Of course the key is how you put all that information together.

I won't go into all the nitty gritty here, but here's my 'Top Tips' for newbie replica prop makers like me:


1. Design weapons around steel or aluminium tubes.
Not only does this keep everything straight and locked in, but it adds some weight too which adds to the realism.

2. Use real bolts and screws.
No point 3D printing them, avoid it if you can. The real thing always looks better and is just plain easier.

3. Don't 3D print anything cylindrical or tubular.

Use the equivalent size in some sort of metal, where it be toggle switches, mounting pins, pivots, etc. They're stronger, better, and require less finishing.

4. Use 2 part epoxy adhesives where you can.
They're just so much better and tougher than CA (Superglue). Get the 5min curing one if you don't want to wait.

5. Add weight.
Weight means realism and adds to the experience when someone picks up your prop. Use metal tubes, add ballast where you can, do what you can to make your prop feel less plastic-y.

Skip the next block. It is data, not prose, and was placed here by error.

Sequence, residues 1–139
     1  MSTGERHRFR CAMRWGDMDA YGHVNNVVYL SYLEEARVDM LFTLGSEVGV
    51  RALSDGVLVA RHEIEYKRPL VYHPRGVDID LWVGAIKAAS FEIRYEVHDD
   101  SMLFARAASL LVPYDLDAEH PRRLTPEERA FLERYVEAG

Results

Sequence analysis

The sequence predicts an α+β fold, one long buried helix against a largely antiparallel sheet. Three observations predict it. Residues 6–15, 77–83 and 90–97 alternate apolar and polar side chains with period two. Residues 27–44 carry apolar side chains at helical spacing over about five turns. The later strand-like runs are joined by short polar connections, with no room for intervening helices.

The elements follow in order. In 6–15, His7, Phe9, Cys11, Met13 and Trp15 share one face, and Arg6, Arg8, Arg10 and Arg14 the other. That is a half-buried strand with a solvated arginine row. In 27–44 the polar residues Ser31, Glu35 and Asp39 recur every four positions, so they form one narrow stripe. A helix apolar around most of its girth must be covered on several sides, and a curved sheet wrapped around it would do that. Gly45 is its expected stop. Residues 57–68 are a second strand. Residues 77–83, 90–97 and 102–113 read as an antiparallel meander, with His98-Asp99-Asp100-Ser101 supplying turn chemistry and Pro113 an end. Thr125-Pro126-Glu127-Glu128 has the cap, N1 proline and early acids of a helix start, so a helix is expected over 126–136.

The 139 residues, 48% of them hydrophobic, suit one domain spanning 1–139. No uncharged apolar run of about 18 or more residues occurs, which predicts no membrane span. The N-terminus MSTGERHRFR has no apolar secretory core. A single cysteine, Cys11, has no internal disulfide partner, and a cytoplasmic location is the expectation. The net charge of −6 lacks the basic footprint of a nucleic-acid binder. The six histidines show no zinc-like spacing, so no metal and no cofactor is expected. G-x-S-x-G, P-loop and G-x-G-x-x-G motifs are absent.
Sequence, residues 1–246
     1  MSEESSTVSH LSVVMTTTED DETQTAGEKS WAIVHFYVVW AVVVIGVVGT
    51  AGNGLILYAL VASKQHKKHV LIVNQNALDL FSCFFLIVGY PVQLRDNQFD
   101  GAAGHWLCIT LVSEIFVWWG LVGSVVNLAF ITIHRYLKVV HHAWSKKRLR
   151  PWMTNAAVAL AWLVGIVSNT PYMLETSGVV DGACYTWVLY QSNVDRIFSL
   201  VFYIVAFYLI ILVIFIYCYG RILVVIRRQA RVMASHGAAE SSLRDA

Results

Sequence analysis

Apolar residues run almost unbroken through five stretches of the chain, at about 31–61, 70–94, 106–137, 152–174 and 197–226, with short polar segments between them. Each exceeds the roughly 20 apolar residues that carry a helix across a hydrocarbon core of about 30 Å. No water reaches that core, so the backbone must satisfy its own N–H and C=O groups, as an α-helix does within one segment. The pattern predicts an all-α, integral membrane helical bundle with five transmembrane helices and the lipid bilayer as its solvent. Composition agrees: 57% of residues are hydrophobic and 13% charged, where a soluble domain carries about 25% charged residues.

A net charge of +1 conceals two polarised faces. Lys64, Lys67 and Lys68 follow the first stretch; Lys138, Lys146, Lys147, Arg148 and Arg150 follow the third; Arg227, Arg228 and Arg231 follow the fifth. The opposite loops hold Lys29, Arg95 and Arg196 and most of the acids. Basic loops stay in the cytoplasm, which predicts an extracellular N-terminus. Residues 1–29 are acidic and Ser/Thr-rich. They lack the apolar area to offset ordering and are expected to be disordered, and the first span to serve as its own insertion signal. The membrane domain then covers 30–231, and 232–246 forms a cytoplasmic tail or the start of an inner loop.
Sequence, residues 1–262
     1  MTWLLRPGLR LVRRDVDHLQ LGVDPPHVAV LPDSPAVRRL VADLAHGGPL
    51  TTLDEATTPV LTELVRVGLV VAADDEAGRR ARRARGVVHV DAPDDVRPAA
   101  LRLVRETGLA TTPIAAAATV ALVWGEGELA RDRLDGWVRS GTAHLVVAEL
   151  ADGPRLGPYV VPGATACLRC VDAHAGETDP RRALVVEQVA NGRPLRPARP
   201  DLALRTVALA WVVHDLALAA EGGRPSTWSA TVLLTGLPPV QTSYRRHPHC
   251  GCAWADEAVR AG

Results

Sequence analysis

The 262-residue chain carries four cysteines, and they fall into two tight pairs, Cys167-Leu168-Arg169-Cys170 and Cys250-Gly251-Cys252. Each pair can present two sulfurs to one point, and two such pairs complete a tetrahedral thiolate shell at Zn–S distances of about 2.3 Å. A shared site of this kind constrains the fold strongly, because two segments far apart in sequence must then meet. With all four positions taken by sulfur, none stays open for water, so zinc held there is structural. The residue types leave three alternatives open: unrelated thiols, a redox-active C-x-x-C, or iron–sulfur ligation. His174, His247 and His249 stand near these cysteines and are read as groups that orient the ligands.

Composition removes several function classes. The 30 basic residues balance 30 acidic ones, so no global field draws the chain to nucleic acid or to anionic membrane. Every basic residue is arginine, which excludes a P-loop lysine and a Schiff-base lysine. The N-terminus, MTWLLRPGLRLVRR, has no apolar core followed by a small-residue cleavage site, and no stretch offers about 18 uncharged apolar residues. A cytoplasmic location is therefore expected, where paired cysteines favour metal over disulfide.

6. It's your prop, do what you want.
My M41A is really an amalgam of a few different versions, and I made some finishing decisions for my own aesthetic reasons that aren't canon. It really does bridge the gap between the 80's actual prop, and a slicker, modern version and I'm okay with that. And you should be okay with your decisions, too. It's your prop, so just have fun and roll with it, and let others make of it what they may.



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Pro Mod

Well-Known Member
RPF PREMIUM MEMBER
What a fantastic recreation of this iconic weapon - brilliant!
Absolutely agree with your six points, particularly the never print anything you don't have to!